Thu, May 02, 2002 - Page 16 News List

It's plain sailing all the way for Taiwan

BEAUTIFUL BRINY `Cocorin' was the first boat home in the only sailing race that yachtsmen from Taiwan can enter, due to security restrictions set over 50 years ago

By David Frazier  /  STAFF REPORTER

Motovation was manned by an all-Taiwan crew and skippered by Pan Wei-hua, who learned sailing from Cocorin owner Shikina and her navigator, Kiyoshi Chinen.

Pan first came into contact with the two master sailors in the late 1990s while studying in Okinawa. On one voyage, the three of them sailed took the custom racer up to a blistering 25 knots (46kph) during a spell of severe weather between Japan and South Korea, according to Pan.

The race began Tuesday in Yonaguni at 4pm, which is only 111km due east of Taiwan, but separated by an international border and in a different time zone.

The race route was longer, however, as it involved first circumnavigating Yonaguni before steering a west by southwesterly course to Hualien.

The prestart was a mosh of fierce tacking and jibing as boats tried to time the crossing of starting line, which was demarcated by one end of the Yonaguni harbor and a large ferry boat that was on hand for the event.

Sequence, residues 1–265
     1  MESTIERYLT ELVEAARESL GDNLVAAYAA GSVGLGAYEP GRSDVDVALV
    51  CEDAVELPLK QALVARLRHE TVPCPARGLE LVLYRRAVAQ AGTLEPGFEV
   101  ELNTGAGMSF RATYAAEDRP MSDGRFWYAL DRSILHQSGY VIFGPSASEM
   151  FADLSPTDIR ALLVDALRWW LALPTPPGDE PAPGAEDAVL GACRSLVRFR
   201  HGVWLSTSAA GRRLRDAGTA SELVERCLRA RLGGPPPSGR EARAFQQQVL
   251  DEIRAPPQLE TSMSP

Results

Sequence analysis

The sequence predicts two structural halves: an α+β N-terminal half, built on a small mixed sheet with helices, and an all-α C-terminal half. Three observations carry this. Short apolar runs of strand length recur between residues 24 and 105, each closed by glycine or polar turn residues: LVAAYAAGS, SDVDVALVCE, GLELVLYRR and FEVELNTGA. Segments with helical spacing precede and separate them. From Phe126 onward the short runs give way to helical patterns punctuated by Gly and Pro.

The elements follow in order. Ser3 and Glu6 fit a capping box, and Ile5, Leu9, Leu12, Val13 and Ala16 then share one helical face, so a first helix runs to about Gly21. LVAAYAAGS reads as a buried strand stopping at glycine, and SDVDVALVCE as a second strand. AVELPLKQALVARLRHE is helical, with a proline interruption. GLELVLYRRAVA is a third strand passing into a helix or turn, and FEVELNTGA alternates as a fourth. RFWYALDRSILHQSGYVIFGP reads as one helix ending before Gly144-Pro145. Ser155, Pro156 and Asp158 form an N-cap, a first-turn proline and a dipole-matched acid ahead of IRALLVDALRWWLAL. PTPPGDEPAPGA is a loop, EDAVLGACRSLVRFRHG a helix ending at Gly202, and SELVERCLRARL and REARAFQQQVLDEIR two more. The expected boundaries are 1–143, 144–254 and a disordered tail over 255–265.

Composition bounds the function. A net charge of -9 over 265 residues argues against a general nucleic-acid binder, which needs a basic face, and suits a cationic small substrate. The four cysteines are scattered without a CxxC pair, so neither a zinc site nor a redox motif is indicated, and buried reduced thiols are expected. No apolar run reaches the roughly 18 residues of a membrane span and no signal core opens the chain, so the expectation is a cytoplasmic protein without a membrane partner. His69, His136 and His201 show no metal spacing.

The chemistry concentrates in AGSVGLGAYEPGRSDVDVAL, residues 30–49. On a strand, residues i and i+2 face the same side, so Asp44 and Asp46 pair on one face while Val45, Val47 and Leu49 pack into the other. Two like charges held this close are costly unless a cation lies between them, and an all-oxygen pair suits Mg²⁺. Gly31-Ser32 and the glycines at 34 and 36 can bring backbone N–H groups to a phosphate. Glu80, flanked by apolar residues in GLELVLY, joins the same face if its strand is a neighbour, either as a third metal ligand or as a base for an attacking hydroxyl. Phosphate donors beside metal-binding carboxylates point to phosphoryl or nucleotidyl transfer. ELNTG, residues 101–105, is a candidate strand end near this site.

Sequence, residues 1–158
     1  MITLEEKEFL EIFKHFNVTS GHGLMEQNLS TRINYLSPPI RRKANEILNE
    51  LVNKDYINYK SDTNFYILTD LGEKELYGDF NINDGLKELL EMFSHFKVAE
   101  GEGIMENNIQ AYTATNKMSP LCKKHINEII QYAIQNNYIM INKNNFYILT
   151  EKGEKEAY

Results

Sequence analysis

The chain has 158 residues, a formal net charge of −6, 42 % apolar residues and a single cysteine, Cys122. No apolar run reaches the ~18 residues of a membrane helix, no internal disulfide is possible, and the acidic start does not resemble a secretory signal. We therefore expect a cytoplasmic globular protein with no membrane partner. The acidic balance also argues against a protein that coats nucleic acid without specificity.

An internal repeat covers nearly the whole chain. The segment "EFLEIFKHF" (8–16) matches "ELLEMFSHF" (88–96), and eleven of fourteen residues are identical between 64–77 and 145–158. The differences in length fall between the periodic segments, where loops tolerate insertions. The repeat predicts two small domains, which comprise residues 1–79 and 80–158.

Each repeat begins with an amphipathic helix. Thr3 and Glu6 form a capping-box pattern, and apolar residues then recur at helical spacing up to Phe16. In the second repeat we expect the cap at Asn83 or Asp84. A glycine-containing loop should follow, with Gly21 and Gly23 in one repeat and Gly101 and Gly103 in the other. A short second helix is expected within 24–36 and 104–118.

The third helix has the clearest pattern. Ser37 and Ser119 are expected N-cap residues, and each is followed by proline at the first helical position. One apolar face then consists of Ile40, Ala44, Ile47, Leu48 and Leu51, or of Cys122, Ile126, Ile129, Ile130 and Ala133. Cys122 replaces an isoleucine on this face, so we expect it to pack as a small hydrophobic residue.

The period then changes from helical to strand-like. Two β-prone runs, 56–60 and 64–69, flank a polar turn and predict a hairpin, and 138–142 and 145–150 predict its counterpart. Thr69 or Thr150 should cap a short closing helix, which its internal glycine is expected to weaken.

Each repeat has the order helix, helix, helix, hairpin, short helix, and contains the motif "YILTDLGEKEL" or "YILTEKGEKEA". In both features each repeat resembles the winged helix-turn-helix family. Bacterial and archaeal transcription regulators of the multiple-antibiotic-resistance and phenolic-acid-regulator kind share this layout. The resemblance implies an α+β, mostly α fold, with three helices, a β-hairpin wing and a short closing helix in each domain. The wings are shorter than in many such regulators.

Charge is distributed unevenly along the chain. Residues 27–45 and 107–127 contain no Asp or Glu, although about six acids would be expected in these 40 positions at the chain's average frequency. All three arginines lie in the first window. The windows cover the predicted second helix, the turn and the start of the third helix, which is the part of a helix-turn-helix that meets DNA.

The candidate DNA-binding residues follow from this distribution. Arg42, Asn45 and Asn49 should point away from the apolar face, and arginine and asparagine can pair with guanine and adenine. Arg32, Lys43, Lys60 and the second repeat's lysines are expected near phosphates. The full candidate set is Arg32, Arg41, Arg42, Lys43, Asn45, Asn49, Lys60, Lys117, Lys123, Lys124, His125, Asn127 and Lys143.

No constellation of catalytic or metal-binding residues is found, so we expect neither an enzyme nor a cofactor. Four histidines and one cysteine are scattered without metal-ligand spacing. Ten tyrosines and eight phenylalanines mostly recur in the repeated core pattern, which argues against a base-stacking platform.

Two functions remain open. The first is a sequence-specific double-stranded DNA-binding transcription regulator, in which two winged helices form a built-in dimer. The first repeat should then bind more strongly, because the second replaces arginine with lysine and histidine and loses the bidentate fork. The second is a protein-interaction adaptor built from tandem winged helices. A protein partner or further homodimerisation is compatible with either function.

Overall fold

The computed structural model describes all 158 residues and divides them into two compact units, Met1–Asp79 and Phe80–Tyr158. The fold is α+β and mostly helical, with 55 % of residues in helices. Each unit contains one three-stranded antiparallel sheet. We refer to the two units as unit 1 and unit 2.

Seas were calm and and the southeast winds were mild, making for ideal sailing conditions.

By the time the boats had completed the eastward journey of around 18.52km along Yonaguni's north shore, Cocorin had taken a decisive lead.

With the remainder of the fleet led by Excelsior and Lequios, another Okinawan boat named after the old Portuguese for Ryukyu. Lequios was third into Hualien and second in Class 1.

Though the order remained constant through the night, Cocorin stretched its lead.

But as the yacht neared eastern Taiwan in the predawn, the wind died down and shifted to the south, making for slow progress and several tacks in attempts to regain the wind.

Strong northbound currents close to shore also complicated the sailing and gave other boats a chance to close the gap.

In Hualien harbor, the sailboats tied up across the harbor from Panamanian-registered freighters and gravel boats.

Government officials provided a warm welcome, and there was a special customs service offering temporary visas for all of the race participants.

As nine of the 11 boats were Japanese, formalities were also conducted in that language. Meanwhile, local news crews approached the sailboats, some asking where the boats had sailed from.

The yachts were all set to leave Hualien today.

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